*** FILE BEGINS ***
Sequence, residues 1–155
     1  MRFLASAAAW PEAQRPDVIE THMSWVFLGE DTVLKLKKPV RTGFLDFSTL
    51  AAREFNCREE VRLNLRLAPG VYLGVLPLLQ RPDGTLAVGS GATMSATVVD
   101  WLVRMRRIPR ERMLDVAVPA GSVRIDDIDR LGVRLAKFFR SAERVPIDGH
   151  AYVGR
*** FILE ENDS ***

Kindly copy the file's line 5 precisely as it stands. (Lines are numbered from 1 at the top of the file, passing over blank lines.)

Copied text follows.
   151  AYVGR